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The Daily Wildcat

The Daily Wildcat


Beto discusses immigration, education and gun control at Gentle Ben’s

Desiree Guerrero
O’Rourke is the first presidential candidate of the 2020 election to make an appearance in Tucson on Oct. 6 2019.

Beto O’Rourke was the first Democratic presidential candidate of this election cycle to speak to students and locals during a town hall Sunday, Oct. 6. 

O’Rourke spoke to a full rooftop at Gentle Ben’s Brewing Company. 

“This is a moment of truth,” O’Rourke said. “It will define us forever and decide anything and everything that you care about in this country, forever going forward. No pressure, Tucson. The responsibility is ours at the moment.”

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Addison Lavis, a criminal justice and Spanish major at the University of Arizona, attended the town hall.

“I thought it would be a neat opportunity to hear from a presidential candidate, on his own terms and not on a debate stage,” Lavis said in an email. 

Immigration was another big focus of the town hall. O’Rourke spoke about the Trump administration’s sentiments toward immigrants.

“Not only did he put their children in cages and deport their mothers back to the country from which they fled, not only has he lost the lives of seven children to date in our custody and in our care, but he described them as an invasion, as an infestation, as predators, as animals,” O’Rourke said of Trump. 

O’Rourke, who is from Texas, said the El Paso shooter was enabled by anti-immigrant rhetoric Trump said at a rally in Florida earlier this year. O’Rourke said similarities in the shooter’s manifesto were similar to Trump’s language.

To address gun violence, O’Rourke had multiple ideas, including universal background checks.

“End the sale of weapons of war,” he said. “We’re going to buy back every single AR-15 and AK-47. No longer will they be in our schools, in our churches, in our synagogues, in our lives. Keep them on the battlefield. Keep that shit out of our lives.”

O’Rourke mentioned the treatment of people of color in this country, noting that hate crimes have increased under the Trump administration. e drew connections between Tucson and El Paso regarding immigration.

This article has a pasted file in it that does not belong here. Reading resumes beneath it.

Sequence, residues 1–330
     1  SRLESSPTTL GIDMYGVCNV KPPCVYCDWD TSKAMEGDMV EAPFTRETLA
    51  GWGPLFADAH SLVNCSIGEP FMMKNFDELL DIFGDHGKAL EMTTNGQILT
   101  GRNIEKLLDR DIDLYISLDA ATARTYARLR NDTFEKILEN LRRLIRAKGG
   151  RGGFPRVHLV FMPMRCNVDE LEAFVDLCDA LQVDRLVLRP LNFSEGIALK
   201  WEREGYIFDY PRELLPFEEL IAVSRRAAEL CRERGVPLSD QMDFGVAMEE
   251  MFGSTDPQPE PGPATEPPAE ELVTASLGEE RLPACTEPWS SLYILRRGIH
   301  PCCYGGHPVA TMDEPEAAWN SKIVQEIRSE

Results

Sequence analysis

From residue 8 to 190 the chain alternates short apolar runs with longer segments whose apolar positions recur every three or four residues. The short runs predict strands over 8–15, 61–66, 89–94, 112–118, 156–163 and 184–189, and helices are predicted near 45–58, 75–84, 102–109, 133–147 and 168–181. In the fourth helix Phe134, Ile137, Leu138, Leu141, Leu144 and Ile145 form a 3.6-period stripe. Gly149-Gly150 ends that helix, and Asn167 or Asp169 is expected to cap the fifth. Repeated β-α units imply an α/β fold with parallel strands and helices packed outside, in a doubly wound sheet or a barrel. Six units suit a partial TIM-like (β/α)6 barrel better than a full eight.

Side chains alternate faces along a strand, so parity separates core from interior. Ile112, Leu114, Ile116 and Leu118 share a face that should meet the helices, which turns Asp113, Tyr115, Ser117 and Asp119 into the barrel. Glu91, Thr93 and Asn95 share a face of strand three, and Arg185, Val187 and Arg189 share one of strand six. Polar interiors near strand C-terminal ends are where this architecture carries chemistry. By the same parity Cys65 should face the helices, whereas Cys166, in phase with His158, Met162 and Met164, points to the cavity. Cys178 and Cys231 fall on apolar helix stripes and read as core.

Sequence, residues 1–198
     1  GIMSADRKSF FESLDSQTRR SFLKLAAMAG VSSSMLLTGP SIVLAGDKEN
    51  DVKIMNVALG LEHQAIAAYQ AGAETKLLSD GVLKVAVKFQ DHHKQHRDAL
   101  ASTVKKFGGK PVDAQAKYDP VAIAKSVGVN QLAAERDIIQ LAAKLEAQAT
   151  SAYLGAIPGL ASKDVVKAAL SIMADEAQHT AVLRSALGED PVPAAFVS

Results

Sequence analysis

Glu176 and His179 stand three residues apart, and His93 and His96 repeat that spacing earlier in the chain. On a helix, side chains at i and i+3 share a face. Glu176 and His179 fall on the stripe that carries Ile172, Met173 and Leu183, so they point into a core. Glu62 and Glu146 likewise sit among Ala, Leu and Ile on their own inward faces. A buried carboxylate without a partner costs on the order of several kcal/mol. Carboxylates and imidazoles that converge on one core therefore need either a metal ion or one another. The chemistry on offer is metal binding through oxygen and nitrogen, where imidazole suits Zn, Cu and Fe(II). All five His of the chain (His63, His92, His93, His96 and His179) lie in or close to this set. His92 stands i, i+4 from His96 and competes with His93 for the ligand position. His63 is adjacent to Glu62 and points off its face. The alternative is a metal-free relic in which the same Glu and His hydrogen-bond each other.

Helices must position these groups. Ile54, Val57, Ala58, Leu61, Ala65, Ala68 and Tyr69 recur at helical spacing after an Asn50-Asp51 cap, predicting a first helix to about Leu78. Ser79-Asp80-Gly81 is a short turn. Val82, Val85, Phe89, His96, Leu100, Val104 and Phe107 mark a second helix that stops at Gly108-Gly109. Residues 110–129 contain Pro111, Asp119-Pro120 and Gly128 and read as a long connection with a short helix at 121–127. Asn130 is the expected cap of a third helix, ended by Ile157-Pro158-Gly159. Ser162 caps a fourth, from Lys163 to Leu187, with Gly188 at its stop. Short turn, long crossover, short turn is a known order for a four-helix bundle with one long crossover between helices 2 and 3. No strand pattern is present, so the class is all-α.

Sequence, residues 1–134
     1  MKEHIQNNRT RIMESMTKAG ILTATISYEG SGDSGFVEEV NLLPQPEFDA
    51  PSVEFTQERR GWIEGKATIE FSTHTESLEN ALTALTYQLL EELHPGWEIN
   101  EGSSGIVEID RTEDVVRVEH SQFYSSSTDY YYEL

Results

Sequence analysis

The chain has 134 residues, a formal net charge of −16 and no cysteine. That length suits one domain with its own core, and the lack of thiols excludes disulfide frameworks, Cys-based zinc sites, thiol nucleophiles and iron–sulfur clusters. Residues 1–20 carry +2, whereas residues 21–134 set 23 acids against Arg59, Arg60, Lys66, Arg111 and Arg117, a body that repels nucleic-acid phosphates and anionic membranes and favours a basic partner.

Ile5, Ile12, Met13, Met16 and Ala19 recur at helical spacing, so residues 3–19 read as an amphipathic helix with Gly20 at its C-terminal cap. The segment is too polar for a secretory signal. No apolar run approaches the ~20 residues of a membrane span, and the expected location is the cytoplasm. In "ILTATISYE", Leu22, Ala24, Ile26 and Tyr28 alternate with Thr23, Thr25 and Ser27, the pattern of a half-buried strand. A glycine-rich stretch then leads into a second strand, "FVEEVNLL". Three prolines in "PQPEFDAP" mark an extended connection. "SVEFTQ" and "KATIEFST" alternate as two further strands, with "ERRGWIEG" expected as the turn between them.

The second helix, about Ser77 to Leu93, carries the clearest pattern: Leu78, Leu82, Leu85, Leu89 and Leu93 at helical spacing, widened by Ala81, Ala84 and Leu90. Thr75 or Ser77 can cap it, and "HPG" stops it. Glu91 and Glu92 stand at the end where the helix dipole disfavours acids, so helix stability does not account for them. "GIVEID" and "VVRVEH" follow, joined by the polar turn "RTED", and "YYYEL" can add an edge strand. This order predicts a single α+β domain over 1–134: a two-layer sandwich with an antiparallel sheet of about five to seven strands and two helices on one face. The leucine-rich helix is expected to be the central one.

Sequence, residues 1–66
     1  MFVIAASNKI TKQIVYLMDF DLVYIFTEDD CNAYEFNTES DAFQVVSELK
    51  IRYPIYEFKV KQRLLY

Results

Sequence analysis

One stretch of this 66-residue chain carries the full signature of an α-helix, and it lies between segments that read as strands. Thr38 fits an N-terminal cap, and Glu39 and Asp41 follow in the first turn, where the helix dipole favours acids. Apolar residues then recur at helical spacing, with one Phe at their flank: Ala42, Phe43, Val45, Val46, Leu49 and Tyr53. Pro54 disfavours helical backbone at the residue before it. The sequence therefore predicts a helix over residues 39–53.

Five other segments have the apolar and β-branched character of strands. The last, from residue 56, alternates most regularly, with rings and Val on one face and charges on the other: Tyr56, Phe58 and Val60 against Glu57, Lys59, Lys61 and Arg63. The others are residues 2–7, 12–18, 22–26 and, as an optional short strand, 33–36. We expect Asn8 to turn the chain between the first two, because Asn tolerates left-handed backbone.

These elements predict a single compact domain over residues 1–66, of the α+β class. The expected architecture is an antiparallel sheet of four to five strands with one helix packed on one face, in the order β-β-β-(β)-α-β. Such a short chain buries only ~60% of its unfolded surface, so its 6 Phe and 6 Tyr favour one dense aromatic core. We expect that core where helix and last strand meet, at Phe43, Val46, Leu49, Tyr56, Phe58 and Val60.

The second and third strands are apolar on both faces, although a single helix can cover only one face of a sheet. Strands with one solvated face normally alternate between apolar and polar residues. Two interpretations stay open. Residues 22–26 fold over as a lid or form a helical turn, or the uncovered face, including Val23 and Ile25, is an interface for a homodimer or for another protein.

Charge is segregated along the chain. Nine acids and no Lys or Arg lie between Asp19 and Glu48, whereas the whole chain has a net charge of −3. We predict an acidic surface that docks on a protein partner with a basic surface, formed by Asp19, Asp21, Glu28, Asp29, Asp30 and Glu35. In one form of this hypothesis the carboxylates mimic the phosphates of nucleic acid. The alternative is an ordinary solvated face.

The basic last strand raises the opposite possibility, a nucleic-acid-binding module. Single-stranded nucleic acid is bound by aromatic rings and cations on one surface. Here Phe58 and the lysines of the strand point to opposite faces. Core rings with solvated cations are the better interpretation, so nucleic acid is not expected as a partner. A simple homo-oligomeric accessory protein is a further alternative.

“You and I, Tuscon and El Paso, will rewrite immigration laws in our own image,” O’Rourke said. “No more walls, no more cages, no more internal deportation.”

Patrick Robles, a freshman studying public management and policy at the UA, asked what an O’Rourke administration would do for public education, given Arizona’s RedforEd strikes last year.

O’Rourke said he will increase funding for special education teachers and address segregation in public schools. 

“I’m going to make sure that we clear student loan debt for every teacher and educator in this country,” he said. 

Carlos Martinez, president of the Young Democrats at the University of Arizona, introduced O’Rourke.

“It meant a lot to me that they reached out to us, making sure young people are an integral part of this movement and making Arizona blue in 2020,” Martinez said while introducing O’Rourke. 

Alison Jones, chair of the Pima County Democrats, also introduced O’Rourke. She mentioned Vice President Mike Pence and Sen. Martha McSally hosted a private event last Thursday and called it a town hall.

“This is how you hold a town hall,” Jones said. “We are a battleground state. The road to the White House goes right through here.”

RELATED: Democratic candidates meet at UA, discuss stances on immigration, development and education

O’Rourke’s concluding message was unity in a time of division: “The people of Arizona, with 11 electoral college votes, and the people of Texas, with 38 electoral college votes, are going to make the difference and are going to be the states that put Donald Trump away forever, and bring a very divided and very polarized country back together again.”

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